It’s been three months since the last Hill Valley post, and by now you’re probably wondering what’s been happening with the project. Truth is, my work schedule has been so busy with travel and overtime, that it has been hard to find modeling time. But I have managed to squeeze in some building construction here and there, so I wanted to bring you up to date on the progress.
To give you a better scope of the project, the photo below shows all the building kits the Club purchased for the project. You may also note an already completed building on the left, one that was donated to the Club. What isn’t shown here are the scratch-building supplies for the historic freight depot, or the passenger depot kit. Frankly, I just haven’t gotten that far yet. Still, as the photo shows, there is a whole bunch of construction work ahead!
The first step for DPM kits (now owned by Woodland Scenics) is prepping the walls. This includes squaring the edges to remove the mold marks, as described in the instructions. Next the roof supports are installed, using square styrene stock (available from Evergreen). I typically use 0.10” square stock, which is larger than what is supplied with the kit. Look closely in the photo and you’ll see the white strips near the top edge of each wall. Finally you’ll want to mask the edges where the walls will be glued together. This is necessary to prevent the paint from covering this area.
We paint the inside of the walls flat black, to prevent them from “glowing” later if we choose to light the buildings. I typically use inexpensive spray paint from the home improvement store for this step; no need to use pricey railroad model paints.
After the paint has dried thoroughly (depending upon where you live, this could be hours or days), remove the masking tape and glue the walls together. For this step I use miniature bar clamps and a magnetic gluing jig to keep the corners square. I also add a strip of 0.125” square styrene stock to reinforce each corner (in some cases I had to use a smaller sized stock to prevent interference with doors and windows). Look closely in the photo and you’ll see the white strip in the inside corner of the front and side wall.
The Walthers kits come with their own bases and sidewalks. The DPM kits, however, do not so you must fabricate your own. In this case I used 0.04” styrene sheet stock (plain) for the base and laminated 0.02” styrene sheet stock (plain with manual scribing) along the front to simulate the sidewalk. When placed beside a Walthers base, the sidewalk top surfaces line up nicely.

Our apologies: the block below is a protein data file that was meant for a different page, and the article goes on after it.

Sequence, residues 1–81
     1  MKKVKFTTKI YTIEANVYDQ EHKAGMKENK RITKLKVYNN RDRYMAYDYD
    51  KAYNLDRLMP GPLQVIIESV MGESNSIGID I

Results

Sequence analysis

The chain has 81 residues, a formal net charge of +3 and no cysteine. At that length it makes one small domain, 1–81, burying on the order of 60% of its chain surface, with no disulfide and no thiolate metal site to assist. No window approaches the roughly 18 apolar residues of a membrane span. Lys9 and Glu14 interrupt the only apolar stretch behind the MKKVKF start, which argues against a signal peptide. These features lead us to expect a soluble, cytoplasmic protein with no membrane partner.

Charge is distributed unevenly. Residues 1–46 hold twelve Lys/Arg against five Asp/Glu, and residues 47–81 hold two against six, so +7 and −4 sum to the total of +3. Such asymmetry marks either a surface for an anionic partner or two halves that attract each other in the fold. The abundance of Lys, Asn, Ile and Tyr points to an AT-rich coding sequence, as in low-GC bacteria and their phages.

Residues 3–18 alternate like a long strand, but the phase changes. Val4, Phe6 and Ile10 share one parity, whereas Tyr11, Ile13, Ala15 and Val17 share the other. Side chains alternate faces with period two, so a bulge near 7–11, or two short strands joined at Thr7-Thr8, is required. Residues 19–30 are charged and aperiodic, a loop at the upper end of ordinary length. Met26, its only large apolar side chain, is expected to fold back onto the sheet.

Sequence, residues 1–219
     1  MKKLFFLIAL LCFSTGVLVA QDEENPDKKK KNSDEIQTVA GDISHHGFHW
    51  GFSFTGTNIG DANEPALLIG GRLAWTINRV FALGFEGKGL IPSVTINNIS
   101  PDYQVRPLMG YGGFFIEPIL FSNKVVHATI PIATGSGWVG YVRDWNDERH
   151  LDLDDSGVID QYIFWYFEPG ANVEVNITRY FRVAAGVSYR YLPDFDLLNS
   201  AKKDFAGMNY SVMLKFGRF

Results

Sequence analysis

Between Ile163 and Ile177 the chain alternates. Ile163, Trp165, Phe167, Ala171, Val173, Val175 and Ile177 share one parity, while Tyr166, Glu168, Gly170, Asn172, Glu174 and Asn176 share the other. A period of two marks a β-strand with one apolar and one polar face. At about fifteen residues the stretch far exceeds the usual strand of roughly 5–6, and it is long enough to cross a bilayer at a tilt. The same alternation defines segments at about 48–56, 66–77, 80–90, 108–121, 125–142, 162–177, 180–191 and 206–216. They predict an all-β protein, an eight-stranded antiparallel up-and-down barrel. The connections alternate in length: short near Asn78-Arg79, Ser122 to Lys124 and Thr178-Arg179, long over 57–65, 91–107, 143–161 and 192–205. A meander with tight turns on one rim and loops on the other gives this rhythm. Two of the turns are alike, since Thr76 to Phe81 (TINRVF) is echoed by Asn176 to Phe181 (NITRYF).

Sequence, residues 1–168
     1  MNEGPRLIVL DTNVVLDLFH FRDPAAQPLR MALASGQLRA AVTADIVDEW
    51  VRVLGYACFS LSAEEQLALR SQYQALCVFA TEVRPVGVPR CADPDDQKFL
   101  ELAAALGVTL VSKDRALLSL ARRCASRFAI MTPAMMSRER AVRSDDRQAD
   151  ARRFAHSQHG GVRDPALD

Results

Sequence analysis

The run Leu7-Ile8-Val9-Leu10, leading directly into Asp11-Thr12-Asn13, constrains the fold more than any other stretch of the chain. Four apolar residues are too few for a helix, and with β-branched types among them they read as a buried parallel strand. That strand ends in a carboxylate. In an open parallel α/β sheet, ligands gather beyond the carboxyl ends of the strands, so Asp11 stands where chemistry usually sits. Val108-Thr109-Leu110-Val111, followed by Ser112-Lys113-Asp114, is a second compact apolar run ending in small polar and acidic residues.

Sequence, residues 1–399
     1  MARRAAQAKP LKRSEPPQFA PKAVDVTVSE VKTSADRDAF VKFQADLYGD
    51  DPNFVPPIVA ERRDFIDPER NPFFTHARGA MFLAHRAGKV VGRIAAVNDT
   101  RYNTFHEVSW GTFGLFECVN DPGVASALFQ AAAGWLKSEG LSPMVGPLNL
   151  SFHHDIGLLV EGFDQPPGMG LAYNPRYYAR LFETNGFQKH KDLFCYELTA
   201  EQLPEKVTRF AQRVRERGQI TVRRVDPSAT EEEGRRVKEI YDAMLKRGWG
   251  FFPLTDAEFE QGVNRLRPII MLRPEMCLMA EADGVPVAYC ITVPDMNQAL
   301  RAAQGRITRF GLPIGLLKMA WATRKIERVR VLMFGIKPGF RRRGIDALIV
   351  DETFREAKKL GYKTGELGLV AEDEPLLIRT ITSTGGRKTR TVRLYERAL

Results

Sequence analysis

The bases were painted a flat gray color, and will eventually be weathered to look more realistic. The brick buildings were sprayed with a red primer color, and lightly misted over with flat black. They too will need additional detail painting and weathering, but for now you can see the basic look.
The one Walthers building that was donated to the Club had been exquisitely painted to provide variety and interest, giving a quaint overall look. Compare that to the basic look currently applied to the kits and you can see that I have much detailing work yet to do. Most likely I won’t try to match the donated building, but I would like to add a bit more interest than the “basic brick” look of the current buildings.
For the gas station, I needed to create an entire corner lot to provide building and pump island placement, a front sidewalk, and driveway entry. I used the same method as above with styrene sheets. Below you can see the “before” prior to painting, and the “after” showing a basic gray coat (to be further weathered), as well as the gas station itself with gloss white walls (simulating tile) and a red strip around the top to highlight the Standard Gas decals that will be applied later.
Finally we see the Bus Depot under construction. In this case I wanted to apply a simple color-coordinated paint scheme that would match the cream and red color of the Continental Trailways bus. I also used silver along the edges of the driveway roofs to pick up the chrome color of the bus. Although the depot isn’t finished yet, you can already get a sense of the overall look.
As you can see in the photos, there is still much work to do on these buildings. Trim painting, and the installation of windows, doors, roofs and detail parts still remain. This will take several more weeks, so check back again to see how they turn out! – Phil S.